During 2004, Medsphere deployed VistA to seven hospitals in the State of Oklahoma, in conjunction with our friends at Hewlett-Packard. That project gave Medsphere the opportunity to develop a series of tools for rapidly deploying VistA systems. Those tools were part of Medsphere's special tool chain that allowed us to rapidly and successfully deploy new customers. Those tools were not to be released as open source, but rather were part of Medsphere's powerful deployment suite.

During 2005, Medsphere began work on a new graphical user interface based on completely open source tools. We used Gtk# and Mono to build a truly cross-platform and internationalized graphical user interface for VistA, to replace the VA's CPRS program. We chose this tool chain specifically because it would allow us to release the final product as open source. Any proprietary technologies that could be embedded were rejected, specifically so that the overall product could be released as open source software.

By April 2005, George Timson was ready to release a major upgrade to the FileMan database used within VistA. At the WorldVista meeting held that month, George explained that Medsphere would release the code soon. Here's a summary of that meeting:


There were many, many goings on at the event, including installation workshops, histories of VistA and MUMPS as well as major announcements by the Pacific Telehealth and Technology Hui of the formation of the VistA Institute and Medsphere's enhancements to the VA FileMan.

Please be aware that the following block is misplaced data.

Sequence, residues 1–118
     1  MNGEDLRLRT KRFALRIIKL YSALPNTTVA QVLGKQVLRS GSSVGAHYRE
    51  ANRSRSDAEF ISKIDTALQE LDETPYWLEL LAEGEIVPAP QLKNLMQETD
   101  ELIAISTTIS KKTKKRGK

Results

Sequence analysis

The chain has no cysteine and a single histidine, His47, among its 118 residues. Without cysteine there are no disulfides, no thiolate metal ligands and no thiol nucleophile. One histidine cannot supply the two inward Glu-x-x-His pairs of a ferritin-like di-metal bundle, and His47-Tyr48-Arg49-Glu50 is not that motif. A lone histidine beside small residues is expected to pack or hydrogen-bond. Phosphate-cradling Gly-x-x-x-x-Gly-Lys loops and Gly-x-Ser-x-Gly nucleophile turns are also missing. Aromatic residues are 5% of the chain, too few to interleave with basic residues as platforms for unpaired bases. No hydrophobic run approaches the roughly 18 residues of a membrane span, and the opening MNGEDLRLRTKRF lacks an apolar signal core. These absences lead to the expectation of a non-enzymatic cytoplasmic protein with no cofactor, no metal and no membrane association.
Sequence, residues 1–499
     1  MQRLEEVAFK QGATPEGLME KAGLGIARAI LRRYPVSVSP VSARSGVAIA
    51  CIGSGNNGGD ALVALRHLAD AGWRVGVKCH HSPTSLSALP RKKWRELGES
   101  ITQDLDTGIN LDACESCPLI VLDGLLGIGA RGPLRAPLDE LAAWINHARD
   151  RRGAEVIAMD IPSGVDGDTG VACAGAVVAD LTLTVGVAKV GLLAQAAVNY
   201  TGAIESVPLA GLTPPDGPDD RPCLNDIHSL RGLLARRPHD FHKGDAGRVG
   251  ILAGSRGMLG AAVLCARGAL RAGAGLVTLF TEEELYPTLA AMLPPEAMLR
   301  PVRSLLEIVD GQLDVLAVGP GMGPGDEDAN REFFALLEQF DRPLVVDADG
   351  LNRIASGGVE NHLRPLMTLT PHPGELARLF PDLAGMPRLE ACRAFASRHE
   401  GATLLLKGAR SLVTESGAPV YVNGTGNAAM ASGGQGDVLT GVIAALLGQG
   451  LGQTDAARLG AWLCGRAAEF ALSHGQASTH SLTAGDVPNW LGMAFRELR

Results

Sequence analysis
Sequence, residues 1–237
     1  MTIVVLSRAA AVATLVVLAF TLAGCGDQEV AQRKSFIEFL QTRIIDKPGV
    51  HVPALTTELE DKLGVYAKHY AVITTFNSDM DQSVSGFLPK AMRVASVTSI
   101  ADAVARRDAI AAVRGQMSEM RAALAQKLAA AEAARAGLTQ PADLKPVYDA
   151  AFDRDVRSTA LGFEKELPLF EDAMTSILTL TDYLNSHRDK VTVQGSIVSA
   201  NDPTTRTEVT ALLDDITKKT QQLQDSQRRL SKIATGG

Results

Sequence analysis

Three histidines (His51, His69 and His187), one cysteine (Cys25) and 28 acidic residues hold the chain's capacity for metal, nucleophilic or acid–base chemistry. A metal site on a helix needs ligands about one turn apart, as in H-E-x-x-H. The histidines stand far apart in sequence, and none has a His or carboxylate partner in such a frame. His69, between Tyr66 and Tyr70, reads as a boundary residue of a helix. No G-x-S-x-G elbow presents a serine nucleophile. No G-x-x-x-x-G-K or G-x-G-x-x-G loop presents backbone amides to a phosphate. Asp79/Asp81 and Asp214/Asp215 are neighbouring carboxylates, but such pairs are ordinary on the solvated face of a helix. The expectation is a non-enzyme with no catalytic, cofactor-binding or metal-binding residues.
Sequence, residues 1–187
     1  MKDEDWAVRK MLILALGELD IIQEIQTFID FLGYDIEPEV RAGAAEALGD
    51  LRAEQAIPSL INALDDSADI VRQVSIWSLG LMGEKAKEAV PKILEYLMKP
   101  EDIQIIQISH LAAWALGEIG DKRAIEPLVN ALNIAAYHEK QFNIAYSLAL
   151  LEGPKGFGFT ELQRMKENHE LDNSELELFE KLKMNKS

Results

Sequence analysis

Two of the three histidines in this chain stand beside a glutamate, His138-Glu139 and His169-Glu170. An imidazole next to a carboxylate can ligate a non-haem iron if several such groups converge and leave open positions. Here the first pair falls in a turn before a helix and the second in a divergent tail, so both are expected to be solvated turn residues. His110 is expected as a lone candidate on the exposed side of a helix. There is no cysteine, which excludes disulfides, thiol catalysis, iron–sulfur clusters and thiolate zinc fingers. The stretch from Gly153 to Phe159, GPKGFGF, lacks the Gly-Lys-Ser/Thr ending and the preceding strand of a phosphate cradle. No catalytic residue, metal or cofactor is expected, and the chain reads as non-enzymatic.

Medsphere's CEO at the time, Larry Augustin, was really pushing hard for us to release the OpenVista Client (internally known as "Kickstand") on August 15, 2005. He correctly stated that after that, no one could argue that Medsphere was not an open source company.

We worked extremely hard to hit that date. We even held up the release of George's FileMan enhancements to coincide with the release of the OpenVista Client on August 15, 2005. Our developers even grew "playoff beards" in preparation for the big day.

Alas, the OpenVista Client was simply not ready for release on August 15, 2005. So, we sucked it up, regrouped, and planned for a more conservative release date in the future.

Meanwhile, George Timson was getting a bit of pressure from the open source community for not releasing his FileMan enhancements. Knowing that the release of the OpenVista Client was going to take a bit longer, we decided to do the right thing and just release his FileMan code at that time. The community was very appreciative.

By the spring of 2006, Medsphere's successful deployment at ODVA and also at Midland Memorial Hospital was attracting a great deal of interest. However, some of the press regarding Medsphere incorrectly represented our work as a proprietary version of VistA.

Fred Trotter, an avid open source practioner, challenged Medsphere. In fact, he sent the following letter to Medsphere on April 13, 2006: